Major Depressive Disorder . A clinical review Barry J. Fenton, M.D. Depression—an Overview. Prevalence Comorbidity Impact on society Diagnosis Treatment options Treatment guidelines Treatment compliance. 17.1%. Major depressive disorder. Alcohol dependence. 14.1%. 13.3%.
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Major Depressive Disorder A clinical review Barry J. Fenton, M.D.
Depression—an Overview • Prevalence • Comorbidity • Impact on society • Diagnosis • Treatment options • Treatment guidelines • Treatment compliance
17.1% Major depressive disorder Alcohol dependence 14.1% 13.3% Social anxiety disorder Posttraumatic stress disorder (PTSD) 7.8% Generalized anxiety disorder (GAD) 5.1% Premenstrual dysphoricdisorder (PMDD) 5%* 3.5% Panic disorder Obsessive-compulsive disorder (OCD) 2.5% 16 14 18 0 2 4 6 8 10 12 Lifetime prevalence (%) Lifetime Prevalence of Common Psychiatric Disorders *In menstruating women. Kessler 1994; Kessler 1995; DSM-IV-TR™2000.
Depression—Prevalence • In any given year, about 21 million American adults suffer a major depressive episode • Nearly 1 out of 6 American adults experience depression at some time in their lives • 21% of women • 13% of men Kessler 1994; US Bureau of the Census 2000; Depression in Primary Care, 1 (AHCPR) 1993; DSM-IV-TR 2000.
Depression—Medical Comorbidities Kessler 1999; Carney 1987; Frasure-Smith 1993; AHCPR Guidelines 1993; Anderson 2001; Bing 2001; Reifler 1986; Rovner 1989; Breslau 1991; Minden 1987; Joffe 1987.
Medical Conditions—Implications of Comorbid Depression • Increased somatic symptoms, eg, multiple pain complaints • Excess functional disability • Increased morbidity/mortality • Increased healthcare utilization and costs • Poor self-care • Decreased adherence to treatment regimens • Higher drug interaction potential due to polypharmacy Katon 1990; Gregor 1997.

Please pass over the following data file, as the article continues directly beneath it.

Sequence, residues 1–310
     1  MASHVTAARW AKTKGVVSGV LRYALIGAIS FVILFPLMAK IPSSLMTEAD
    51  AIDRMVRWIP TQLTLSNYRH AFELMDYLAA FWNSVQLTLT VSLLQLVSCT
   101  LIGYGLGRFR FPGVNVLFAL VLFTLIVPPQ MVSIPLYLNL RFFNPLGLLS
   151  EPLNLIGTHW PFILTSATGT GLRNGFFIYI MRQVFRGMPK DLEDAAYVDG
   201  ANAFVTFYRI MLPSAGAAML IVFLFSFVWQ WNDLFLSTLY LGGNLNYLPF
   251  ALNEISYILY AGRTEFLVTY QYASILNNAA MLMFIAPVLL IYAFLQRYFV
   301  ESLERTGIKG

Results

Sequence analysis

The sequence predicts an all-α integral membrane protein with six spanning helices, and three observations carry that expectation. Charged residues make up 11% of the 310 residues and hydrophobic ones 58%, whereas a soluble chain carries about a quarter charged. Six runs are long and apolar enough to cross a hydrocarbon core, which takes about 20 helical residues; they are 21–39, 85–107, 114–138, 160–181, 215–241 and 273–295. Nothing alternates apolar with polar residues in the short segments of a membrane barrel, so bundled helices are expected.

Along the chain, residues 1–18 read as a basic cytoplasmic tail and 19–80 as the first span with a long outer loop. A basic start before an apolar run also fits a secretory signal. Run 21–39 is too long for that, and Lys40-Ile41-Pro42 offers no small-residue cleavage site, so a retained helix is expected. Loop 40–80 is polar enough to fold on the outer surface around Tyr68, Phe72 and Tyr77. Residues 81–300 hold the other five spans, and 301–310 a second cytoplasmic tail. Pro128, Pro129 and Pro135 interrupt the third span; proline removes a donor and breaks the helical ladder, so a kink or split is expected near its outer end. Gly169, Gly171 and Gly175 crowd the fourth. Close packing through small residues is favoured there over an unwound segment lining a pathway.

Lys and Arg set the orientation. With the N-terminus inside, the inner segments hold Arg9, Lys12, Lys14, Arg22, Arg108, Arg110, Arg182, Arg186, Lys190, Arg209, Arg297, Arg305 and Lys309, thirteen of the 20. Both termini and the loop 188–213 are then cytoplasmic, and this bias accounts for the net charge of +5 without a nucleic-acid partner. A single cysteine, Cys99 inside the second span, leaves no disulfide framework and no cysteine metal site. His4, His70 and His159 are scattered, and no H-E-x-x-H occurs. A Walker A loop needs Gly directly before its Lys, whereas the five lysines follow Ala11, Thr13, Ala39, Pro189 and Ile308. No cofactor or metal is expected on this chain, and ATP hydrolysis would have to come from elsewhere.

48% of patients with PTSD Up to 65% of patients with panic disorder* Posttraumatic stress disorder Panic disorder 42% of patients with generalized anxiety disorder Depression GAD Social anxiety disorder OCD 34% to 70% of patients with social anxiety disorder 67% of patients with obsessive-compulsive disorder Depression—Anxiety Comorbidities Many patients with anxiety disorders have depression at some time during their lives *Figures for panic disorder and depression not specified as lifetime in DSM-IV-TR™. Kessler 1995; DSM-IV-TR™ 2000; Brawman-Mintzer 1993; Rasmussen 1992; Stein 2000; Van Ameringen 1991; Wittchen 1999.
Depression Depression With Anxiety Symptoms 90% Anxiety Is a Common Symptom of Depression Sadock and Sadock 2003.
Depression—Implications of Anxiety Comorbidities • Increased severity of symptoms • Increased impairment of mental and physical functioning • Delayed recovery In patients with comorbid panic disorder and depression, • Increased prevalence of suicide attempts • Decreased work productivity and attendance • Increased service use (medical, mental health, social services) Brown 1996; Coryell 1988; Roy-Byrne 2000.